Block on Trump's Asylum Ban Upheld by Supreme Court
In a story that may have many screaming "It's about time!", the AP reports that members of Congress are taking a look at the Bowl Championship Series (BCS) to figure out "whether it is a fair way of choosing a college football champion." So, letting computer rankings and a few polls determine two teams to battle for a "championship" might not be fair?
Representative Joe Barton (R.-Tex.) is actually the sponsor of legislation that would, as described by the AP, "prevent the NCAA from labeling a game a 'national championship' unless it culminates from a playoff system." Barton says the current system is "'more about cartels and revenue sharing' than athletic performance." Withholding any speculation regarding a home-state motivation for the inquiry, the bottom line is that the BCS system (not to mention its precursors) has taken fire from just about any and all angles, directions, sides, etc.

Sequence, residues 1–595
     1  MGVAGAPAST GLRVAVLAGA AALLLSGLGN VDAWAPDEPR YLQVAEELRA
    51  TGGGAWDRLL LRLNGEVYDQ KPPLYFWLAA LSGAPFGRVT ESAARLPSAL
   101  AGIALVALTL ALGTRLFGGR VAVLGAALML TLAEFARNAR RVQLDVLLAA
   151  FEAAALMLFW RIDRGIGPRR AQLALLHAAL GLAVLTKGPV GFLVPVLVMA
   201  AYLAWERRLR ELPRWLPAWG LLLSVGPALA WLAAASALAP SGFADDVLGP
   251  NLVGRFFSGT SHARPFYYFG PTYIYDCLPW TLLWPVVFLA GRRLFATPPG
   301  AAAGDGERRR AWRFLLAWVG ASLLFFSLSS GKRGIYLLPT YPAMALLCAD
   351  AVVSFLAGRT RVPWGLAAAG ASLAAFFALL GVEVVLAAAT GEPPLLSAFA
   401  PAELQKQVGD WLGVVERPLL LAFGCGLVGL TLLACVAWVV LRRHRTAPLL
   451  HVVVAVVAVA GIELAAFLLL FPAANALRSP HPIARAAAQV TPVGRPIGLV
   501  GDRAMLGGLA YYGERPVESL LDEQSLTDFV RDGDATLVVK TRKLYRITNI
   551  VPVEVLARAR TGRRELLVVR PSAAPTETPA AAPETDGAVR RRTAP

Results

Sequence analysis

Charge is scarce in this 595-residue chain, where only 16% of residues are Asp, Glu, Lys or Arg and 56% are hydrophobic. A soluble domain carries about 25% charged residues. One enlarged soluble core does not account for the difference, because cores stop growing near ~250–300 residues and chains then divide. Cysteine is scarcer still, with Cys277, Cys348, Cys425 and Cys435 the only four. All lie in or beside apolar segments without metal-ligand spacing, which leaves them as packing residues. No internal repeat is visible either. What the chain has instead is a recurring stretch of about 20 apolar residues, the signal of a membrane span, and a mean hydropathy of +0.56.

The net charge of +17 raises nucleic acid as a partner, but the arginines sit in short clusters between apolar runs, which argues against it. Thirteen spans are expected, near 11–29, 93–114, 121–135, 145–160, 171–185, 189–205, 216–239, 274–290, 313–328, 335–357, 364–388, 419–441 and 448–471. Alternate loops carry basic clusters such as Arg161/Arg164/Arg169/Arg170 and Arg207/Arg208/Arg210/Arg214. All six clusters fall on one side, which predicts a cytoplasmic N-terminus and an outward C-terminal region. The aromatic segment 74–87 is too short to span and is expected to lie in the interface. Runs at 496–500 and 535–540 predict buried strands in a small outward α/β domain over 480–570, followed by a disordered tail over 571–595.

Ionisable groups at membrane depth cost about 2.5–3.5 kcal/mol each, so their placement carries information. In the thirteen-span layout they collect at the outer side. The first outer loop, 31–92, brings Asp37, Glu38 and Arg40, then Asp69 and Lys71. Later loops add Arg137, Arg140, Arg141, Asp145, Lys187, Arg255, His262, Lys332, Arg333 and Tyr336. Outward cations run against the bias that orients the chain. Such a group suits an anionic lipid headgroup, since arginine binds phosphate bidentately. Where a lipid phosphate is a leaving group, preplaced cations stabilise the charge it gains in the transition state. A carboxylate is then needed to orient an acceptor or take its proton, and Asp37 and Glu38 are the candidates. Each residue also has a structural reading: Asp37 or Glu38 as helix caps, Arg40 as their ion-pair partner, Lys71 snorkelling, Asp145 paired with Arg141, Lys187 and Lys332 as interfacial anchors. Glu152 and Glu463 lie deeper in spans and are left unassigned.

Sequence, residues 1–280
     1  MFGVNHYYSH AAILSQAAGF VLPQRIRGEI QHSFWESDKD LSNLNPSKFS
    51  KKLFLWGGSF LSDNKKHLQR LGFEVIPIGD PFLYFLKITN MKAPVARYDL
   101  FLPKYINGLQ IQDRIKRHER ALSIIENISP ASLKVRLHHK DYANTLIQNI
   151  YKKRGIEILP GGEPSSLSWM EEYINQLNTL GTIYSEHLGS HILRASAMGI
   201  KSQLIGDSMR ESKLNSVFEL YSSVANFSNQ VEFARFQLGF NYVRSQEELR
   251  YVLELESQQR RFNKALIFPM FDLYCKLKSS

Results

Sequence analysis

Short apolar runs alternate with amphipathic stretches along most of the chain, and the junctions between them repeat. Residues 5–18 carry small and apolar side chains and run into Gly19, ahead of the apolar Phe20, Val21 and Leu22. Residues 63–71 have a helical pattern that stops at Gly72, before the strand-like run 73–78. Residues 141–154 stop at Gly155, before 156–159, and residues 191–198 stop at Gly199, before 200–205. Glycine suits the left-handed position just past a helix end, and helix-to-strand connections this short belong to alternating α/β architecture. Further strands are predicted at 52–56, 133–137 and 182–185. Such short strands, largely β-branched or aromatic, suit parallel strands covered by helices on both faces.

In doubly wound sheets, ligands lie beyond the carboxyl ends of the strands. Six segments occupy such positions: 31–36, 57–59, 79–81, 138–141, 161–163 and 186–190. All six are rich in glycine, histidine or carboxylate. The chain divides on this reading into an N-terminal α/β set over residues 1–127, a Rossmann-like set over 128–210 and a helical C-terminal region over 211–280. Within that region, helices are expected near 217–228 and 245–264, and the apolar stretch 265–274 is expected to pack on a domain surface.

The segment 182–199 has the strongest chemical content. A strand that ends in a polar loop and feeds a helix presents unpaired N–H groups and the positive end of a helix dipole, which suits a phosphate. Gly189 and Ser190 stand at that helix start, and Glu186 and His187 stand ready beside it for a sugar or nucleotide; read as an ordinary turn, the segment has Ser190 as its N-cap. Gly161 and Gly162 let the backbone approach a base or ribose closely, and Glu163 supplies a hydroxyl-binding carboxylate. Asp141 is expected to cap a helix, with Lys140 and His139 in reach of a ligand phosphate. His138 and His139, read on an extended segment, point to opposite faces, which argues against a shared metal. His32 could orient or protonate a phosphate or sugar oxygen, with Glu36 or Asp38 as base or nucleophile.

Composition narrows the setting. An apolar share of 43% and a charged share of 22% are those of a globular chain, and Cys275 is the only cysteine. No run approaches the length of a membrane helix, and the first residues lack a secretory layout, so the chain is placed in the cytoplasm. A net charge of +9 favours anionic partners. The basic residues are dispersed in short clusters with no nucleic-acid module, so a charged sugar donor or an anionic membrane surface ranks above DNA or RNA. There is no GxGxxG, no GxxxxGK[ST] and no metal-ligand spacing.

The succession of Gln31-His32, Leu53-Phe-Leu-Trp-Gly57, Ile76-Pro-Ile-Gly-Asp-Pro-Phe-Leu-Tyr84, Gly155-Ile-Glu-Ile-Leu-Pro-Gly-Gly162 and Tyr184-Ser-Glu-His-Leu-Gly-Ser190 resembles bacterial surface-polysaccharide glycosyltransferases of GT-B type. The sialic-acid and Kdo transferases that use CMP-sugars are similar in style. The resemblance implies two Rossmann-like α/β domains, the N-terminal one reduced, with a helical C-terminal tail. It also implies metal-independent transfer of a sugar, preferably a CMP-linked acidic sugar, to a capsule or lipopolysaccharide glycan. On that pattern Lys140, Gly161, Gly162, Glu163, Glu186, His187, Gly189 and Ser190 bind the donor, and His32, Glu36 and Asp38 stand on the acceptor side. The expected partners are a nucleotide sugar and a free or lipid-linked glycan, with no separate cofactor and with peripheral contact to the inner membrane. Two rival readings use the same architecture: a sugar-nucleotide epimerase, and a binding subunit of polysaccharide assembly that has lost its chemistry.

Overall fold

On the holding-a-grudge side, Utah Senator Orrin Hatch "has put the BCS on the agenda for the Judiciary's antitrust subcommittee this year, and Utah's attorney general, Mark Shurtleff, is investigating whether the BCS violates federal antitrust laws." (Undefeated Utah teams have been left out of the national title games twice in a span of five years. ) More noteable criticism also came from President Obama himself, who the story noted:
"...told '60 Minutes' he would prefer an eight-team playoff system.
'I don't know any serious fan of college football who has disagreed with me on this,' he said. 'So I'm going to throw my weight around a little bit.'"
On the other side, BCS coordinator John Swofford is reportedly expected to argue that the bowl system's very survival is at stake here.